By Andrew Gans
05 Nov 2007
Theatregoers seem to be getting younger and more diversified, according to the latest report. The League says that the average age of the Broadway theatregoer was 41.2, while those under 18 bought 1.42 million tickets. The latter is a 23 percent increase from the previous year. Also, 26 percent of theatregoers were non-Caucasians, a 17 percent increase from the previous season and a 56 percent increase from five years ago.
The internet has also become the most popular way to purchase theatre tickets. Internet purchasing has grown by 368 percent since the 1999-2000 season. During the 2006-2007 season, only 11 percent bought via the telephone and 20 percent at the box office.
The average theatregoer, the League says, attends five shows a year. Playgoers tend to see more shows (seven) than the typical musical-theatre attendee (four shows). Theatregoers who attended 15 or more Broadway attractions comprised 6 percent of the theatregoing audience and represented 31 percent of all tickets sold.
And, it was word-of-mouth rather than the words of critics that more strongly influenced theatregoers. Forty-six percent of theatregoers said word-of-mouth got them to a particular show.
New questions on the annual survey addressed performance times and mode of transportation. Thirty-five percent of theatregoers said they would enjoy the ability to select from an array of curtain times (most would prefer earlier curtains). And, 38 percent of theatregoers said they were able to walk to the theatre, implying they lived or worked near the theatre or were staying at a nearby hotel.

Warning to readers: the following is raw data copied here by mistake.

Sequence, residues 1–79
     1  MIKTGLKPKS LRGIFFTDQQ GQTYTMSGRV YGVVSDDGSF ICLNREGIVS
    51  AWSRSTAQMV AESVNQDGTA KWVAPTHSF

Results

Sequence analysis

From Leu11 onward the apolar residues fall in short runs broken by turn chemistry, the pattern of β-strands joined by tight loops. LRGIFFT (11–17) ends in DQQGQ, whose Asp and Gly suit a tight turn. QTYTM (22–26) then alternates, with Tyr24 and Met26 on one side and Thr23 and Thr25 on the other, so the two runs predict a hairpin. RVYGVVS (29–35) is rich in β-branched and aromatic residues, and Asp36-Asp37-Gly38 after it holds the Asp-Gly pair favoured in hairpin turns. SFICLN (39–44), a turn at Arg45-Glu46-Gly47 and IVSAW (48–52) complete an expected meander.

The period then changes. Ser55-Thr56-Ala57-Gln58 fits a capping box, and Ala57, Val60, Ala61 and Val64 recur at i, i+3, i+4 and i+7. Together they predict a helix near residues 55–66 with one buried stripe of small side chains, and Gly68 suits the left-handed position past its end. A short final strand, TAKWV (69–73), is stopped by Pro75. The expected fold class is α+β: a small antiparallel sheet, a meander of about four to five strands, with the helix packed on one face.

In a statement, Charlotte St. Martin, executive director of the League, said, "As there is more of a choice for the theatregoer than ever before, it is exciting to report that we are seeing a wider audience for Broadway. Our theatregoers are both younger and more diverse than ever, and, we have more out of town guests experiencing Broadway. With our goal to make Broadway a stronger national brand, we do believe that the increased attendance from visitors to New York City reflects that these efforts are working. And a stronger national brand will not only assist the New York City Broadway audience, but all of the shows that are touring throughout the country."
Data was collected by the League's Research Department from June 2006-June 2007. Surveys were administered at 23 productions at 72 individual performance times. In total, 10,800 questionnaires were distributed and 5,109 were returned.